What I see is an attempt to pit scripture against itself. Jesus could forgive sins, but with the absence of Jesus, it was immersion or the cleansing of sins. Note we don’t see the apostles stepping into the role of forgiving sins as Jesus did.

  10. Larry Cheek says:

    I question this, “That would be remarkable if in fact the disciples of JTB could immerse someone to have their sins forgiven.” and “If a disciple of JTB baptized someone for repentance in anticipation of the imminent coming of the Kingdom, then the baptized person clearly meets this standard.”
    I do not find a record that any of JTB followers baptizing anyone. Not even a clue that any one of them believed that they should or could.

    It would not seem unreasonable to me to understand that, a messenger sent directly from God and His Word (Jesus) to the earth to prepare the (WAY) for Christ to begin his mission on earth to have the same authority from Christ to forgive sins as Christ did prior to his sacrifice. Do you notice the message that JTB taught? I do not read that he went about declaring The Messiah is coming, The Messiah is coming! Or that the Kingdom is coming,Kingdom is coming. His message is almost totally contained in the following.

    Mat 3:1-2 ESV In those days John the Baptist came preaching in the wilderness of Judea, (2) “Repent, for the kingdom of heaven is at hand.”
    Mat 3:5-6 ESV Then Jerusalem and all Judea and all the region about the Jordan were going out to him, (6) and they were baptized by him in the river Jordan, confessing their sins.
    Mat 3:7-12 ESV But when he saw many of the Pharisees and Sadducees coming to his baptism, he said to them, “You brood of vipers! Who warned you to flee from the wrath to come? (8) Bear fruit in keeping with repentance. (9) And do not presume to say to yourselves, ‘We have Abraham as our father,’ for I tell you, God is able from these stones to raise up children for Abraham. (10) Even now the axe is laid to the root of the trees. Every tree therefore that does not bear good fruit is cut down and thrown into the fire. (11) “I baptize you with water for repentance, but he who is coming after me is mightier than I, whose sandals I am not worthy to carry. He will baptize you with the Holy Spirit and fire. (12) His winnowing fork is in his hand, and he will clear his threshing floor and gather his wheat into the barn, but the chaff he will burn with unquenchable fire.”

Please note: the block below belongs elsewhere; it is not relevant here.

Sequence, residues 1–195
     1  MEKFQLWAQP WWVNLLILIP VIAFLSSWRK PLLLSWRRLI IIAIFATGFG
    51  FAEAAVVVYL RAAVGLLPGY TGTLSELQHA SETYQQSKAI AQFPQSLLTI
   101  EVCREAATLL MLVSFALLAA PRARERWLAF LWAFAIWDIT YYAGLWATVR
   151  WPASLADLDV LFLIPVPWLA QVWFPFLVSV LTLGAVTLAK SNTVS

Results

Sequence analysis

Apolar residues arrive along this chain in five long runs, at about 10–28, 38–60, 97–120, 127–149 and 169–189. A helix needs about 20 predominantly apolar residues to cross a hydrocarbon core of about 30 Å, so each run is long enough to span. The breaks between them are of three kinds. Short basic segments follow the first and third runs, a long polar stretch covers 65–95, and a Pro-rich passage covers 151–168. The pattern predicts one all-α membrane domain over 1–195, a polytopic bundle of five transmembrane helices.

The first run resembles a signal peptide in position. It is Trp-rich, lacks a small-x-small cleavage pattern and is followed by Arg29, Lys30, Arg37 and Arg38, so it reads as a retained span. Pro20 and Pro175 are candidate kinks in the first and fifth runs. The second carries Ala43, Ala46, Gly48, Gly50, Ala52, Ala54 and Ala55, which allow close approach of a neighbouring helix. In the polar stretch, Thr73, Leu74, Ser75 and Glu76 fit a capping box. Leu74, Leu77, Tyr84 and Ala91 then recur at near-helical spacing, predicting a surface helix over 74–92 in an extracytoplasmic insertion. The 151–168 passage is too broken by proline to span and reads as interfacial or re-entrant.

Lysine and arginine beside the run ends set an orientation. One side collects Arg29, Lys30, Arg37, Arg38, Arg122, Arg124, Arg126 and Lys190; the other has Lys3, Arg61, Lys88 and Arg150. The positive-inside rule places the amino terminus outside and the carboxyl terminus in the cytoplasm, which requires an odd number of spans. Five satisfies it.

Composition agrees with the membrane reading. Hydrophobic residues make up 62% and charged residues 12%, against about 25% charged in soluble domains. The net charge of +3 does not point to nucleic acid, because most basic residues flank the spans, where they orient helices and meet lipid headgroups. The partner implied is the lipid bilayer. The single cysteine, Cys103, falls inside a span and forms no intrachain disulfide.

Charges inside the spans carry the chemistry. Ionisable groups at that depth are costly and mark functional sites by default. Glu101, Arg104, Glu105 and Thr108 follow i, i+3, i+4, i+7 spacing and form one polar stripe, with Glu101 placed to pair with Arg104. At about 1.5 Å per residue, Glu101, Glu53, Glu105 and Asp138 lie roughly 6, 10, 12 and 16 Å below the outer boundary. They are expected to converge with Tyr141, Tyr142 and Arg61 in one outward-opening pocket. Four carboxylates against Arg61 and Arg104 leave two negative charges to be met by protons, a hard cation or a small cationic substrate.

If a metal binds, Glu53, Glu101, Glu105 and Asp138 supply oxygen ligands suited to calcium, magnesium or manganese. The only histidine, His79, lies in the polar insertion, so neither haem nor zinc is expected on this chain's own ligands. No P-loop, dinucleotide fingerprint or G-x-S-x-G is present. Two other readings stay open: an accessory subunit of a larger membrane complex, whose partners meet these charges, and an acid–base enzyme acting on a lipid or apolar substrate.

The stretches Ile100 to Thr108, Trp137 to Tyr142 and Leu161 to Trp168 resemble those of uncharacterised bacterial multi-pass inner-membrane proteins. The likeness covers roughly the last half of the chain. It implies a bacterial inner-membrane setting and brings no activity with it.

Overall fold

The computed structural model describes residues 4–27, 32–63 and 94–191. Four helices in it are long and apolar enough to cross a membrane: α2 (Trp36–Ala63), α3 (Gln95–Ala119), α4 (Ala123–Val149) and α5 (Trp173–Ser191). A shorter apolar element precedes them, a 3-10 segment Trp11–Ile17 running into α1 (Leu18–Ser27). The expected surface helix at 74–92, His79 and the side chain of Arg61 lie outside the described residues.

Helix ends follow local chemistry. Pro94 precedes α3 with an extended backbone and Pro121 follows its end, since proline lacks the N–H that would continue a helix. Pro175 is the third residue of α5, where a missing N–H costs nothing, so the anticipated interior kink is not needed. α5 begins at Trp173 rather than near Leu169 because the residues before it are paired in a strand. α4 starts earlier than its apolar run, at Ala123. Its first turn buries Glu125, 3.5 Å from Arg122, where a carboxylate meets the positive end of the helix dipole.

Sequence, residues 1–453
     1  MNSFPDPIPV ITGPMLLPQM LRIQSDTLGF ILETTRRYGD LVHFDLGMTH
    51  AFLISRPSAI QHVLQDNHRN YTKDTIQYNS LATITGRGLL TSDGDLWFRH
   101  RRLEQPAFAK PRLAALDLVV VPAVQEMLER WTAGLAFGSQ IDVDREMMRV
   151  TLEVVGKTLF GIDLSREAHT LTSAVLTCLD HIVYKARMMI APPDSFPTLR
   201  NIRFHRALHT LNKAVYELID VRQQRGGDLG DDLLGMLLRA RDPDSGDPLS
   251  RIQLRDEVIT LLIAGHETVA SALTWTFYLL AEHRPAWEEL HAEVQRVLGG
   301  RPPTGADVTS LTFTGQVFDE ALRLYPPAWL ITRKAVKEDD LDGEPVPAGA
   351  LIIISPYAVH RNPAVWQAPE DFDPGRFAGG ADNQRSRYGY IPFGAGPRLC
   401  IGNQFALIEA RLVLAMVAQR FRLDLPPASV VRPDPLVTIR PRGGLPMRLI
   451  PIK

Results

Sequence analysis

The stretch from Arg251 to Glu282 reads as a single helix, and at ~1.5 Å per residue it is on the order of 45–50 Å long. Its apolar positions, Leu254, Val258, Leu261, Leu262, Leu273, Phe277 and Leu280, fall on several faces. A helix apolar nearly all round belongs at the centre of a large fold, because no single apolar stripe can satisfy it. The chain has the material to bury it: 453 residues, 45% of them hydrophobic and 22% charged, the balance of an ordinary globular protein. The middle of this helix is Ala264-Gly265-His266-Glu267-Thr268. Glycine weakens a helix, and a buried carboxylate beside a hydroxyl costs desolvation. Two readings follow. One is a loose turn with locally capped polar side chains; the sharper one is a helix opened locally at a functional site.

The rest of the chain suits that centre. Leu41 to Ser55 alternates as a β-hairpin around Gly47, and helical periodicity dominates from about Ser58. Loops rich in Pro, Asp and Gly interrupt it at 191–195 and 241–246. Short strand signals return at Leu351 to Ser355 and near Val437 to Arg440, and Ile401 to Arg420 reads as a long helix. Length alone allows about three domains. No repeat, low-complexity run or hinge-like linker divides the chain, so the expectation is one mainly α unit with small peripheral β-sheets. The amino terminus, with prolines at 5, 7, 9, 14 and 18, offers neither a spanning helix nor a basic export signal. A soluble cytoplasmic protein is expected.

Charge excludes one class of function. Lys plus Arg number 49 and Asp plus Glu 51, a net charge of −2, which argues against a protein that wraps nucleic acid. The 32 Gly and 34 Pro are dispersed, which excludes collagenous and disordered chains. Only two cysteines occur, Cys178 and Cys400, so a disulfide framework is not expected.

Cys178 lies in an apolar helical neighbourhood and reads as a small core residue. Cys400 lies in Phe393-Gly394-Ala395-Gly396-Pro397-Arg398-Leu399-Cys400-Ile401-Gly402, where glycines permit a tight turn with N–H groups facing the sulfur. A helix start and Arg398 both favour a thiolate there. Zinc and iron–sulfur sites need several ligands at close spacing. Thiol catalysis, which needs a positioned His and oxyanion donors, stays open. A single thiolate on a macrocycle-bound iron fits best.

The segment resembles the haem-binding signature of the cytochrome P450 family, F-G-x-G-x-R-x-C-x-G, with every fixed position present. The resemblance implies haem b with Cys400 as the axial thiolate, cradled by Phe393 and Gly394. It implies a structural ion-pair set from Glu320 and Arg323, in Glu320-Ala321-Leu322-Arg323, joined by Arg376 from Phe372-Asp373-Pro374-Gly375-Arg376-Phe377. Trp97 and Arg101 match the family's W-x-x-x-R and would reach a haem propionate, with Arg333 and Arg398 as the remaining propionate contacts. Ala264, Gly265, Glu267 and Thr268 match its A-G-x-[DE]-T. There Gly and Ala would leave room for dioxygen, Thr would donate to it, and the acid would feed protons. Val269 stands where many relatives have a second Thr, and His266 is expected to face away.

Mar 1:4-5 ESV John appeared, baptizing in the wilderness and proclaiming a baptism of repentance for the forgiveness of sins. (5) And all the country of Judea and all Jerusalem were going out to him and were being baptized by him in the river Jordan, confessing their sins.

    Luk 3:3 ESV And he went into all the region around the Jordan, proclaiming a baptism of repentance for the forgiveness of sins.

    He did not claim any power to forgive sins, but proclaimed that power was in the baptism that he was administering. Oh yes, many will say that the baptism of JTB was not forgiving sins, but I don’t believe that they are properly discerning the text. They are not diagramming the sentence to discover the subject, verb and the prepositional phrases which refer to the subject. Even the simplest diagramming will not allow (repentance) or (forgiveness) to become the subject of the communication. Baptism is the subject and (of repentance) is describing a prerequisite that is required prior to submitting to the baptism. Don’t believe me, listen to John, Mat 3:8 ESV above, he was not just baptizing with preparation in mind, repentance was to proceed the baptism.

    We should also notice that John had been baptizing approximately 6 months prior to meeting Jesus. His mission was well known by many of the Jews, there were many coming to be baptized. By his own admission it looks like many were coming who had no idea what was happening. Notice Mark and Luke for the size of the area he was drawing followers from.

    Baptizing was the center of his teaching, because that was what he was sent to do.
    Joh 1:31-34 ESV I myself did not know him, but for this purpose I came baptizing with water, that he might be revealed to Israel.” (32) And John bore witness: “I saw the Spirit descend from heaven like a dove, and it remained on him. (33) I myself did not know him, but he who sent me to baptize with water said to me, ‘He on whom you see the Spirit descend and remain, this is he who baptizes with the Holy Spirit.’ (34) And I have seen and have borne witness that this is the Son of God.”